Unusual characters who turn up at Christmas

A drawing showing the Basque character El Olenzero.
A drawing showing the Basque character El Olenzero.
  • Tientapanza in Écija, Alpalpador in Galicia and Olentzero in the Basque Country are all lesser-known figures who form part of local festive traditions in parts of Spain

The Christmas season is long and special in Spain. It starts with the most outstanding lottery in Europe on 22 December, continues with a family dinner on Christmas Eve and finishes in the company of the Three Kings, whose visit is always expected on 5 January.

Children across the country are used to seeing Melchior, Gaspar and Balthazar in the streets and Father Christmas puts in appearances throughout December. However, there is another little-known Christmas character in Andalucía. His name is Tientapanza and he appears in the town of Écija just after Christmas.

According to the local tradition, during the Christmas holidays, the Three Wise Men send an emissary to Écija to check if the children in the town have eaten well. That's why parents and grandparents of Écija encourage the youngest members of the household to eat everything on the plate by saying, "Tientapanza will come to touch the tummies of every child to determine whether or not they are good eaters." If the children are good eaters, then they will be able to receive gifts from the Three Kings when they arrive.

The figure known as Tientapanza, or even Titopanza, is actually related to the Galician Apalpador or Apalpa-Barrigas, a coalman from the mountains. It is believed that this figure lives in the rural areas of Lugo and Ourense. He is scruffy and wears a beret. He frequently smokes a pipe, and a donkey called Lor sometimes helps him carry gifts, to be delivered after he has established whether the children have been eating properly.

A beret is also worn by another Christmas character from Navarre and the Basque Country - Olentzero. Historians think that Tientapanza, Apalpador and Olentzero are adaptations of a pre-Roman myth; and the element of touching children's tummies is based on a Lusitanian divinatory custom.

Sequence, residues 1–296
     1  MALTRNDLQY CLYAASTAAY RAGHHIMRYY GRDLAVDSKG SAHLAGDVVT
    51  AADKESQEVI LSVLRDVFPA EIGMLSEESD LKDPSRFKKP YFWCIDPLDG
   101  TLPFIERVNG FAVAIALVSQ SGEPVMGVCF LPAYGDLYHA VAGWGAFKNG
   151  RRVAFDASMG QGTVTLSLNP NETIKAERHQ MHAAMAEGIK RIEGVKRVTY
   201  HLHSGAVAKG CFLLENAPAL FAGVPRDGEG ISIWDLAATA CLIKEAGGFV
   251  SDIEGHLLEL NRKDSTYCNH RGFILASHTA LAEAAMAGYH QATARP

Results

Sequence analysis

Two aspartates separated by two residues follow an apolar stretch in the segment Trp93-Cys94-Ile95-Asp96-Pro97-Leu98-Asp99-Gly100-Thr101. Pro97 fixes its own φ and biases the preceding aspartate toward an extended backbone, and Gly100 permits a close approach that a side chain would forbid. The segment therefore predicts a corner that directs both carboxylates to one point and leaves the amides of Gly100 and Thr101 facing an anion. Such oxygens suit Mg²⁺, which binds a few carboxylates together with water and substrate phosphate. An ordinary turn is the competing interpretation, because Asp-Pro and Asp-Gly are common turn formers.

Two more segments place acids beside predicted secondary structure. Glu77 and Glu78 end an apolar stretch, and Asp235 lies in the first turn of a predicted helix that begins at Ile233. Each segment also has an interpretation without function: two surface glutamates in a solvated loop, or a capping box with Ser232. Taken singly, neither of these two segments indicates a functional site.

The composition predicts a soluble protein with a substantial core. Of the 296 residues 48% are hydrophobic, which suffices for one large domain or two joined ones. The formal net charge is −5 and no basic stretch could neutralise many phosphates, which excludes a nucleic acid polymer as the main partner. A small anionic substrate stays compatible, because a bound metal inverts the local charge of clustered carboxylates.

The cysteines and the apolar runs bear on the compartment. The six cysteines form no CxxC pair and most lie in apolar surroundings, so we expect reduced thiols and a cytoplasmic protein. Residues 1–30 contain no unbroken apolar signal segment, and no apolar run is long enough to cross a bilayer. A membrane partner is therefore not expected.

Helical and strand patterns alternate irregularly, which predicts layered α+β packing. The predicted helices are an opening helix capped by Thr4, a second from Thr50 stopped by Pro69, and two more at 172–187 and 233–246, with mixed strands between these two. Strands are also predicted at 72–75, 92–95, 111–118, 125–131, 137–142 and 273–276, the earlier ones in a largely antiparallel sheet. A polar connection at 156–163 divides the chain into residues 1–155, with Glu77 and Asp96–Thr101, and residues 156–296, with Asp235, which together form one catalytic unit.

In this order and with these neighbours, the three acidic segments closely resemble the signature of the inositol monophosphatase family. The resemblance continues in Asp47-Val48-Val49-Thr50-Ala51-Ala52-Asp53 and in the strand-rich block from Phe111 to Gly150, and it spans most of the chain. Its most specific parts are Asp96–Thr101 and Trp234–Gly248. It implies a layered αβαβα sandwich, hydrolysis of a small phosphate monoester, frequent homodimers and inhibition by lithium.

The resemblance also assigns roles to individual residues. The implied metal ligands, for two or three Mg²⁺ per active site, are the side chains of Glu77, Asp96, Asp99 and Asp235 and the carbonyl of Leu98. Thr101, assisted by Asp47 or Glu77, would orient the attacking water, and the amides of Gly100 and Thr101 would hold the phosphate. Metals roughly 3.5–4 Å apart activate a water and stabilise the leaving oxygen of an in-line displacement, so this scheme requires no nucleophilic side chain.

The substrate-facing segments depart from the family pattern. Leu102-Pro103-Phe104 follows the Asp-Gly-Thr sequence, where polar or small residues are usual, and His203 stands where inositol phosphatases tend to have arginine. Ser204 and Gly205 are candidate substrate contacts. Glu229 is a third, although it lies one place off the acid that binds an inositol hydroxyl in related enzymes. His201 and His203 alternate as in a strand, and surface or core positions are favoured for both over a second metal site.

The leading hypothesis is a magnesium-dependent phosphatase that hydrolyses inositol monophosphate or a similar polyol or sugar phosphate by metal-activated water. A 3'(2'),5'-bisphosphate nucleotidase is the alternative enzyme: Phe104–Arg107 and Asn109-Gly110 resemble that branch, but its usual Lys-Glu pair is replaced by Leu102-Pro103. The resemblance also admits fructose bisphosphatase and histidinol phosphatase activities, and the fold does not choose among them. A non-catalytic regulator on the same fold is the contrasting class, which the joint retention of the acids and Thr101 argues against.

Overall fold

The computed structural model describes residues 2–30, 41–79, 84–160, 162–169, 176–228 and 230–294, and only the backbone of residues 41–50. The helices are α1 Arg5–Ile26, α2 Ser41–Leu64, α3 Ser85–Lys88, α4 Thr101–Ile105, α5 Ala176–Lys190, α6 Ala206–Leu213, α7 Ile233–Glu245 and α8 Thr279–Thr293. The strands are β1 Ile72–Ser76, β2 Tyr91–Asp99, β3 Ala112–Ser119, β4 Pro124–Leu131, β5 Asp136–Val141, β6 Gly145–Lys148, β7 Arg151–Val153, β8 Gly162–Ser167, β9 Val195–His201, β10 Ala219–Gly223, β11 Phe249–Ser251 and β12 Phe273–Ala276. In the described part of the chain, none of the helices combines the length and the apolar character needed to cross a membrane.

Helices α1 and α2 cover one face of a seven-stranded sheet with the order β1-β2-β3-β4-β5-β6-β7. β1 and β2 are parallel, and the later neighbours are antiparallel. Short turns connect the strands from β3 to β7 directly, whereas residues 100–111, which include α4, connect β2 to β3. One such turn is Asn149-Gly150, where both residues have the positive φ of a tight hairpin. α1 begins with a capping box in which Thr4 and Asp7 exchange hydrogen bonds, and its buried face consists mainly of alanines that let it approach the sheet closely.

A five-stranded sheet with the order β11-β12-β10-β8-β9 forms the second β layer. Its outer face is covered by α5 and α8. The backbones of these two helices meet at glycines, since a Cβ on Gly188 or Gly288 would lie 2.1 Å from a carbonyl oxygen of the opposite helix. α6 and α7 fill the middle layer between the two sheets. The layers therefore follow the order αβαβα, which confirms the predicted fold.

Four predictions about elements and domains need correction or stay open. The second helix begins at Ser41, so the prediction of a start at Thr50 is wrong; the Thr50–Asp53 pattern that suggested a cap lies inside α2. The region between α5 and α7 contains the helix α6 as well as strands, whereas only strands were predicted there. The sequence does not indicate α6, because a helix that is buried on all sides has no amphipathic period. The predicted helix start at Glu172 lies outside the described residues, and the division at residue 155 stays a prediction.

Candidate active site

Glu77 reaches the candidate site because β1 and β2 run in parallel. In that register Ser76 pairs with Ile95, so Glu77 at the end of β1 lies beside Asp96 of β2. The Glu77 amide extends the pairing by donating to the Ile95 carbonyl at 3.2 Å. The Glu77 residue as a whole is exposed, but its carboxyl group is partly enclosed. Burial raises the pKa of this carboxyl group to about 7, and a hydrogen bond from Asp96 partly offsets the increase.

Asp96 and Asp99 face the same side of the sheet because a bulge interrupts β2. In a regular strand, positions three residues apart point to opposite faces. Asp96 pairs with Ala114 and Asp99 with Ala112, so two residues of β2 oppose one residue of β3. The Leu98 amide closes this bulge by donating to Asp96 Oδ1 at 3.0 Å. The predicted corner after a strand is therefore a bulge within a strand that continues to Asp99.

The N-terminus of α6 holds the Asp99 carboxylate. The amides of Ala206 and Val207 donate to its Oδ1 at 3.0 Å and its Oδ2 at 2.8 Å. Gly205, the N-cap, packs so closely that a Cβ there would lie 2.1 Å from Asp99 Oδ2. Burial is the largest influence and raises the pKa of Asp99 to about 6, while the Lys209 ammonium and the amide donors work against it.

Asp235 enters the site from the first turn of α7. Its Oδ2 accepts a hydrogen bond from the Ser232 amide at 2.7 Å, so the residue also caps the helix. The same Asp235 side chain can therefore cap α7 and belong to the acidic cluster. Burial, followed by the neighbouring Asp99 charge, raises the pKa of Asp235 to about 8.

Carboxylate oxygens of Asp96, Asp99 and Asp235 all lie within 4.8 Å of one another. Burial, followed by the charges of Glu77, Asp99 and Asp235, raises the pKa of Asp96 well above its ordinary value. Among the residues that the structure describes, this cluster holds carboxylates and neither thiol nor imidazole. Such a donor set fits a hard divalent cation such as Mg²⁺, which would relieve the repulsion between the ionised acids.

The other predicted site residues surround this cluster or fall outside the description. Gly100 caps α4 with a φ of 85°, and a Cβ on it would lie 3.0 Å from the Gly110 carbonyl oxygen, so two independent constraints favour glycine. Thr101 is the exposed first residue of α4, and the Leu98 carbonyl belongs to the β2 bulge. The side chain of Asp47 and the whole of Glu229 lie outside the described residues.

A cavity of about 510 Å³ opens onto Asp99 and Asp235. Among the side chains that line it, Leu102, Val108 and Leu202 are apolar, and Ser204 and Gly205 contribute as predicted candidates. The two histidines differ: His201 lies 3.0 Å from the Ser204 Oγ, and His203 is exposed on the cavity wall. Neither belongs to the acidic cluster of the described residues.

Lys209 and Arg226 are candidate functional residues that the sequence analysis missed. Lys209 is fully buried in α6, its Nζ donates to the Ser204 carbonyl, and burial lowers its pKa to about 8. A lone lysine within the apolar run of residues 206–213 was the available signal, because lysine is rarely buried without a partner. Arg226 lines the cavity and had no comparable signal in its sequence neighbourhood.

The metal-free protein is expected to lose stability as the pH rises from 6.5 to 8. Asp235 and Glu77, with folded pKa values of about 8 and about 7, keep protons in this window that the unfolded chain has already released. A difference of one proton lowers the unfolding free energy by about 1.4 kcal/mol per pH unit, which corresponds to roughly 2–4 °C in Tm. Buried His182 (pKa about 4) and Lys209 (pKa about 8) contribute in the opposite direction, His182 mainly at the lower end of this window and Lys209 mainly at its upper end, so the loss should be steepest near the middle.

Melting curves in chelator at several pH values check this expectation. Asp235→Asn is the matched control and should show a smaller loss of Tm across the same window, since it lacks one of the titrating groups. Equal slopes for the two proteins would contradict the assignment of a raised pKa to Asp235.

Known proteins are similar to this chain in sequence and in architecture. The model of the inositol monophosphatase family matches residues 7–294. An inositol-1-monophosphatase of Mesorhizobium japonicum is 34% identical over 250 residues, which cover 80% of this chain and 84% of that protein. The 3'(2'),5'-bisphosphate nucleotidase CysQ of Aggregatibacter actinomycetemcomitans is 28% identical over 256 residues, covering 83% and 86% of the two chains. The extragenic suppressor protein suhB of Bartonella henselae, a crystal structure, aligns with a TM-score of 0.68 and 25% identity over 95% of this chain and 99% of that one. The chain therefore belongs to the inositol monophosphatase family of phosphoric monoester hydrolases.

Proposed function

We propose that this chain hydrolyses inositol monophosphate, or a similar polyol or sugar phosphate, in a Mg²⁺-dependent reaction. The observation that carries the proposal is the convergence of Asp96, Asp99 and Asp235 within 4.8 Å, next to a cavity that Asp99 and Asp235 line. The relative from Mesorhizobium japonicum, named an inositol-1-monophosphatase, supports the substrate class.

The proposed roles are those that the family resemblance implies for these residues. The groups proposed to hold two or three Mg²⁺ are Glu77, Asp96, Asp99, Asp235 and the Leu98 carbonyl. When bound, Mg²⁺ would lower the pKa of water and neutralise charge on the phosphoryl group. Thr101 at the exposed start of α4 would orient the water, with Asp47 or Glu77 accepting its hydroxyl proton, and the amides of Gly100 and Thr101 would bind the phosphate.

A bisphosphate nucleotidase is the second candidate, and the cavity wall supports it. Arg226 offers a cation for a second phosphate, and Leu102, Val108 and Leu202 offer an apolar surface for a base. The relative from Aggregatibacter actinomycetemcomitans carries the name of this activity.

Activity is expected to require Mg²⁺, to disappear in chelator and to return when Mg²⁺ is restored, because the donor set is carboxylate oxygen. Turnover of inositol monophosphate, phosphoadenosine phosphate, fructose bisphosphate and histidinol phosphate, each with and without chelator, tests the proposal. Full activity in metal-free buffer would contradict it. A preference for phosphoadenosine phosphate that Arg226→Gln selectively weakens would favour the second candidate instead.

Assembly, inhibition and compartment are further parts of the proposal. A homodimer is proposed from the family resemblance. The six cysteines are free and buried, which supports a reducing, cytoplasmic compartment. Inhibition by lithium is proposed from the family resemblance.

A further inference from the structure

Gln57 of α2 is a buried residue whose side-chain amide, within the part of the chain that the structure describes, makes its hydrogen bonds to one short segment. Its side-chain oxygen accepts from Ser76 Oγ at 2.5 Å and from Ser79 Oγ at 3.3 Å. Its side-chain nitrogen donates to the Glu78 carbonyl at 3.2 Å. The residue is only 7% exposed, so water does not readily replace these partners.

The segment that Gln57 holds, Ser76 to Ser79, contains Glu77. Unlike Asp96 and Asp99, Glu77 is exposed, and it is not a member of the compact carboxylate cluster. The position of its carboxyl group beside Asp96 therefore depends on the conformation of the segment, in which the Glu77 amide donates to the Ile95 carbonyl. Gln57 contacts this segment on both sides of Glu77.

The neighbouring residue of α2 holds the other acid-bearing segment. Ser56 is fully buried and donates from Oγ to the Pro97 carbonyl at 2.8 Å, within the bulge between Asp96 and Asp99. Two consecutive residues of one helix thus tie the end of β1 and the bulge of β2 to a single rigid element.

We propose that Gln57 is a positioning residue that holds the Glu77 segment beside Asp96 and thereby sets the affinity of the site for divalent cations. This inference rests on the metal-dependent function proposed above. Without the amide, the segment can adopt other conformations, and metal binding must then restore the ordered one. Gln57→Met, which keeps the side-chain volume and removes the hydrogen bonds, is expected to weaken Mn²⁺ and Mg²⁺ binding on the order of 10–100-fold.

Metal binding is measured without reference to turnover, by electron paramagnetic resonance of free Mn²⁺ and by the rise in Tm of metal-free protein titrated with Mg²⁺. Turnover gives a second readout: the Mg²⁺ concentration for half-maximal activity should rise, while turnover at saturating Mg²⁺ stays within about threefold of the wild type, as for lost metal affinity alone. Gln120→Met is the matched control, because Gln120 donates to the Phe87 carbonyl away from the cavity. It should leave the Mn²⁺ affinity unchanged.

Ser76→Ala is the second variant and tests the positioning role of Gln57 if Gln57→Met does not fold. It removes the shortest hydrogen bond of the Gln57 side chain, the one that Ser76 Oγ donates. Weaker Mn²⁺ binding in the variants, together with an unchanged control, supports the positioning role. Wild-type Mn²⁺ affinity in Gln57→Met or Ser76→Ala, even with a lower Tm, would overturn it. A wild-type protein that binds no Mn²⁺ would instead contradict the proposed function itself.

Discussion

Moreover, the Basque-Navarre character Olentzero is associated with the winter solstice as well as the Roman Saturnalia. Christianity adapted these ancient customs and attached them to the birth of Jesus Christ. In comparison to his Galician and Andalusian colleagues, Olentzero himself delivers gifts every 25 December.

There are many versions of how the tradition of Tientapanza was born in Écija. It is thought that the Galician repopulators brought the tradition to the south after the Christian conquest of the area in the Medieval Period.

Nowadays Tientapanza enters the town in the company of giants from fairy tales. He looks like a mixture of royal page and Santa Claus. This portly white-bearded gentleman is dressed in a white shirt and a blue vest, brown trousers and grey boots, with a black cap decorated with a big feather on his head and a red cape.

Tientapanza rides a separate float sitting on a high throne and surrounded by his courtiers who throw sweets, gifts and balloons in the air and into the crowds. The 4.2m-tall King and Queen also walk around, accompanied by a marching band.

It is interesting, that all aforementioned Christmas characters were forbidden during Franco's dictatorship because they were considered as an adaptation of a regionalist or nationalist nature. However, they were eventually revived.

The Écija Tientapanza tradition was recovered in 2004 by a cultural association formed by residents of the El Carmen neighbourhood, who, each year, choose its neighbour to embody the peculiar Christmas character.

Since then the traditional parade has been promoted to attract not only locals but tourists as well to show the peculiarities of Andalucía.

Covid-19 has meant that this year's parade has been cancelled, but the association promises that Tientapanza will be back next year.